From the New Yorker by Atul Gawande August 2, 2010
Can mere discussions really do so much? Consider the case of La Crosse, Wisconsin. Its elderly residents have unusually low end-of-life hospital costs. During their last six months, according to Medicare data, they spend half as many days in the hospital as the national average, and there’s no sign that doctors or patients are halting care prematurely. Despite average rates of obesity and smoking, their life expectancy outpaces the national mean by a year.
I spoke to Dr. Gregory Thompson, a critical-care specialist at Gundersen Lutheran Hospital, while he was on I.C.U. duty one recent evening, and he ran through his list of patients with me. In most respects, the patients were like those found in any I.C.U.—terribly sick and living through the most perilous days of their lives. There was a young woman with multiple organ failure from a devastating case of pneumonia, a man in his mid-sixties with a ruptured colon that had caused a rampaging infection and a heart attack. Yet these patients were completely different from those in other I.C.U.s I’d seen: none had a terminal disease; none battled the final stages of metastatic cancer or untreatable heart failure or dementia.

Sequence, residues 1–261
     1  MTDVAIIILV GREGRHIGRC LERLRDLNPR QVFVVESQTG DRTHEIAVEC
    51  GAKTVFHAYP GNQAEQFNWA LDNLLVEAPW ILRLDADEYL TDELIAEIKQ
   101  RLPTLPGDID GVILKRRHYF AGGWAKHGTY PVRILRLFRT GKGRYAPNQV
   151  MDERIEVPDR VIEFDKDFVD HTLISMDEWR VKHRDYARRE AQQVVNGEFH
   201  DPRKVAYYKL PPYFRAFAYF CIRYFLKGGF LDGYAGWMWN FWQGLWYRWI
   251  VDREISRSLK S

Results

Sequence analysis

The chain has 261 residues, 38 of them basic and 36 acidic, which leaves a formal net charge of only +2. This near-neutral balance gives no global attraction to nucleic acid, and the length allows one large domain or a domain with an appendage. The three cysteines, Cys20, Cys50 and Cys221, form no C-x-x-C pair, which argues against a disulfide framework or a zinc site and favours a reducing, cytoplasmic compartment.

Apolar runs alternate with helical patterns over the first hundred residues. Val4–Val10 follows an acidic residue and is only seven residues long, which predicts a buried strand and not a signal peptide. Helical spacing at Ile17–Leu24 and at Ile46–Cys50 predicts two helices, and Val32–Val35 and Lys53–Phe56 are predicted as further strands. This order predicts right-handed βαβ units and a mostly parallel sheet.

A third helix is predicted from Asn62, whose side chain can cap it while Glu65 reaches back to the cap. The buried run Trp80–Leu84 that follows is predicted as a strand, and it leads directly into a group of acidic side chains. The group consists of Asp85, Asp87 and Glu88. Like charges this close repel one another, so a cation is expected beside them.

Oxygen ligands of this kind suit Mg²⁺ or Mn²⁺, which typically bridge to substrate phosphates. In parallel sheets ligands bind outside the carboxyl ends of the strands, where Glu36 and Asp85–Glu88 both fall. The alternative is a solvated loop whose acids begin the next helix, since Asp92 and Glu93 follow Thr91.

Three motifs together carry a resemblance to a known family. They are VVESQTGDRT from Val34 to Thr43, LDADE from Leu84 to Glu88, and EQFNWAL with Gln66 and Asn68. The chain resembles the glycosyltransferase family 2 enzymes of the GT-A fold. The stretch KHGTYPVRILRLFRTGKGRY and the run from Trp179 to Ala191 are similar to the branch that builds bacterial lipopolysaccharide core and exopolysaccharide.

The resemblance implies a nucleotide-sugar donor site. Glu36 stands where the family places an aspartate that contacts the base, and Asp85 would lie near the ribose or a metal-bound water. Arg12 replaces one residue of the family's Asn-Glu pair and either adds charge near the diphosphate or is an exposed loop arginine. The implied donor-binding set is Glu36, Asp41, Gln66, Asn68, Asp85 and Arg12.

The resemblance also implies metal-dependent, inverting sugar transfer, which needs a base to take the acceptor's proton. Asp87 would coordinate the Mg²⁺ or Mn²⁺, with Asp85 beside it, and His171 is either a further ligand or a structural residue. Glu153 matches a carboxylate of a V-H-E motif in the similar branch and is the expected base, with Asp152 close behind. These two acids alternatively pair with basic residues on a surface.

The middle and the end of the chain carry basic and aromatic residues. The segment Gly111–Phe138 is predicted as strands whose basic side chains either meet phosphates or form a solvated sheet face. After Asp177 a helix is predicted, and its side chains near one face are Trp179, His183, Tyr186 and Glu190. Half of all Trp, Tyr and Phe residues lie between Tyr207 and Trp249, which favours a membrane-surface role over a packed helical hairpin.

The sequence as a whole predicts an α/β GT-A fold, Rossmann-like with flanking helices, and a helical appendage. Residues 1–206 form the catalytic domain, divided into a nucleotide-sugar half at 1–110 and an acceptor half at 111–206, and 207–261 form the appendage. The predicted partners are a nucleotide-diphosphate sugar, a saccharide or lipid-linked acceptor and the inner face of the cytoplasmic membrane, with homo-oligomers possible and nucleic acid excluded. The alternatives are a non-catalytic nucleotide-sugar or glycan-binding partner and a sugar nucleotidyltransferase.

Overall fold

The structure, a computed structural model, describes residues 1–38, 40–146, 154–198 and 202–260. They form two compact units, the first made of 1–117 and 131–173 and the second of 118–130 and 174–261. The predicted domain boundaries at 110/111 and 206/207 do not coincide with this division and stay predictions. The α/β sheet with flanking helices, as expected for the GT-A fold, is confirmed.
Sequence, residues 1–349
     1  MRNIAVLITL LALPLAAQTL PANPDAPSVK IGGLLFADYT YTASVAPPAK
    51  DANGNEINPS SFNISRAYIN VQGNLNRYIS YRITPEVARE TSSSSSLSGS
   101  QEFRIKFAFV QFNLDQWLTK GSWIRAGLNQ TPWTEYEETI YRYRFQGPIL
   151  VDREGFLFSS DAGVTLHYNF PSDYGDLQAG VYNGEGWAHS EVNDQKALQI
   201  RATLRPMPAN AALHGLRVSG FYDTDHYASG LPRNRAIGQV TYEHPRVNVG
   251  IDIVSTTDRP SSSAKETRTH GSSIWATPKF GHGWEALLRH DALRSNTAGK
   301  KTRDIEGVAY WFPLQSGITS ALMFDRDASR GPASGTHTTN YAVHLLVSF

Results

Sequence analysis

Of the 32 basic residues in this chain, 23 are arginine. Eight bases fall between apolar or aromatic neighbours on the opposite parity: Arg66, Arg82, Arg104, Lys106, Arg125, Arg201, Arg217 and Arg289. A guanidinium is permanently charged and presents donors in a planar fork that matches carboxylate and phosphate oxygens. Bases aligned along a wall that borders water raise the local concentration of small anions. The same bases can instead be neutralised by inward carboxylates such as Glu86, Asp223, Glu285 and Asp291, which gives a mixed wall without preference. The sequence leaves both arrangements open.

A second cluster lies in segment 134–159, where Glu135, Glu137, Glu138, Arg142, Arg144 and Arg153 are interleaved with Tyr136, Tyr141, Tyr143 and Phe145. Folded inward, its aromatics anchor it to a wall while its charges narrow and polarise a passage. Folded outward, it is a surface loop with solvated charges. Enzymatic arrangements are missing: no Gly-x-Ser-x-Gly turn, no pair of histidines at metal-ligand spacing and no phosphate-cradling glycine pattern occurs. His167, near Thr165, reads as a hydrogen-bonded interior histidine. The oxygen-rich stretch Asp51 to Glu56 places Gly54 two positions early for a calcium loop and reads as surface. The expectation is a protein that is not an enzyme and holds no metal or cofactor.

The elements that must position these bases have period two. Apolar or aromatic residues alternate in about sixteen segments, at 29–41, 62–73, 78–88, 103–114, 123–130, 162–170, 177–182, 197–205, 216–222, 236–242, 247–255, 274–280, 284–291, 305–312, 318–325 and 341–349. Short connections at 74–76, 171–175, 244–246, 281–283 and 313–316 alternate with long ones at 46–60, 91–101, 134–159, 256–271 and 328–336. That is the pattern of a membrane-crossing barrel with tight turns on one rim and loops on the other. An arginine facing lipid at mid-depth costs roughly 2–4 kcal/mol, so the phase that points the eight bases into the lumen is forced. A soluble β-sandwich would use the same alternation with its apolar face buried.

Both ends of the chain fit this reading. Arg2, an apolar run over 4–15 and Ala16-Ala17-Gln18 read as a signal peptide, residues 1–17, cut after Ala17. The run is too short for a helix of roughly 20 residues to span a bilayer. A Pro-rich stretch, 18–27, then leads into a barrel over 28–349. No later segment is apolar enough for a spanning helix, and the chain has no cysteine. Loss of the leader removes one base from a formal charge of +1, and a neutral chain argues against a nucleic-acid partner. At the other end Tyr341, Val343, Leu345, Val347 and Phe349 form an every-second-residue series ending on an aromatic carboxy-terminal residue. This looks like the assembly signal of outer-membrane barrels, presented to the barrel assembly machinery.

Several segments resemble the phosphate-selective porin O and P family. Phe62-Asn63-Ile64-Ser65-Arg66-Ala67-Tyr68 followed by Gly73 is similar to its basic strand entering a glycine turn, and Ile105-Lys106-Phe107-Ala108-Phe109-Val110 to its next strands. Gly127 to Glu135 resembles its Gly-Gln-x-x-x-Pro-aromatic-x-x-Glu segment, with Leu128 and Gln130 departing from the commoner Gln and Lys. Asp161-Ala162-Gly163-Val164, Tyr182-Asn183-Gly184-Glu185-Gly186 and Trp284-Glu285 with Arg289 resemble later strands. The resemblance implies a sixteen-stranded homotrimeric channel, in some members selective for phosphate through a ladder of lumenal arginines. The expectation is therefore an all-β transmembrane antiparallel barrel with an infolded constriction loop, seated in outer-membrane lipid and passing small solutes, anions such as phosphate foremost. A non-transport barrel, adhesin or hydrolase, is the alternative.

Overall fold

To understand La Crosse, Thompson said, you had to go back to 1991, when local medical leaders headed a systematic campaign to get physicians and patients to discuss end-of-life wishes. Within a few years, it became routine for all patients admitted to a hospital, nursing home, or assisted-living facility to complete a multiple-choice form that boiled down to four crucial questions. At this moment in your life, the form asked:
- Do you want to be resuscitated if your heart stops?
- Do you want aggressive treatments such as intubation and mechanical ventilation?
- Do you want antibiotics?
- Do you want tube or intravenous feeding if you can’t eat on your own?
By 1996, eighty-five per cent of La Crosse residents who died had written advanced directives, up from fifteen per cent, and doctors almost always knew of and followed the instructions. Having this system in place, Thompson said, has made his job vastly easier. But it’s not because the specifics are spelled out for him every time a sick patient arrives in his unit.
“These things are not laid out in stone,” he told me. Whatever the yes/no answers people may put on a piece of paper, one will find nuances and complexities in what they mean. “But, instead of having the discussion when they get to the I.C.U., we find many times it has already taken place.”
Answers to the list of questions change as patients go from entering the hospital for the delivery of a child to entering for complications of Alzheimer’s disease. But, in La Crosse, the system means that people are far more likely to have talked about what they want and what they don’t want before they and their relatives find themselves in the throes of crisis and fear. When wishes aren’t clear, Thompson said, “families have also become much more receptive to having the discussion.” The discussion, not the list, was what mattered most. Discussion had brought La Crosse’s end-of-life costs down to just over half the national average. It was that simple—and that complicated.